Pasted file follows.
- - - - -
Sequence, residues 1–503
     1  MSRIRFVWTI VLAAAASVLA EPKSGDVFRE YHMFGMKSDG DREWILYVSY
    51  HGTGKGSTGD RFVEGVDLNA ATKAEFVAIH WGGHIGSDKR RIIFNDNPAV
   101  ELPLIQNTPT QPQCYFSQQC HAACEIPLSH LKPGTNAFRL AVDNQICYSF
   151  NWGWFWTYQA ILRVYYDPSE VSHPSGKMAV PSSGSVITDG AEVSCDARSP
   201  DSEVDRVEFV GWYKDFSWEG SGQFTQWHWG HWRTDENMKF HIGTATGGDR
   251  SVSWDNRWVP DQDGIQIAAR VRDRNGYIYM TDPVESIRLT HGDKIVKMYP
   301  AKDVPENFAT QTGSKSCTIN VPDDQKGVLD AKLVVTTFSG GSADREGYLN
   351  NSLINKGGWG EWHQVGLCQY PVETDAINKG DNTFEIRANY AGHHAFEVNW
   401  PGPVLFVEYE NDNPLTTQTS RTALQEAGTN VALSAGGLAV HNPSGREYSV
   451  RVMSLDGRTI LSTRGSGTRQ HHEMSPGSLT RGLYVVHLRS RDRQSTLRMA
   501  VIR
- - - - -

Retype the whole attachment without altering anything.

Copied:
Sequence, residues 1–503
     1  MSRIRFVWTI VLAAAASVLA EPKSGDVFRE YHMFGMKSDG DREWILYVSY
    51  HGTGKGSTGD RFVEGVDLNA ATKAEFVAIH WGGHIGSDKR RIIFNDNPAV
   101  ELPLIQNTPT QPQCYFSQQC HAACEIPLSH LKPGTNAFRL AVDNQICYSF
   151  NWGWFWTYQA ILRVYYDPSE VSHPSGKMAV PSSGSVITDG AEVSCDARSP
   201  DSEVDRVEFV GWYKDFSWEG SGQFTQWHWG HWRTDENMKF HIGTATGGDR
   251  SVSWDNRWVP DQDGIQIAAR VRDRNGYIYM TDPVESIRLT HGDKIVKMYP
   301  AKDVPENFAT QTGSKSCTIN VPDDQKGVLD AKLVVTTFSG GSADREGYLN
   351  NSLINKGGWG EWHQVGLCQY PVETDAINKG DNTFEIRANY AGHHAFEVNW
   401  PGPVLFVEYE NDNPLTTQTS RTALQEAGTN VALSAGGLAV HNPSGREYSV
   451  RVMSLDGRTI LSTRGSGTRQ HHEMSPGSLT RGLYVVHLRS RDRQSTLRMA
   501  VIR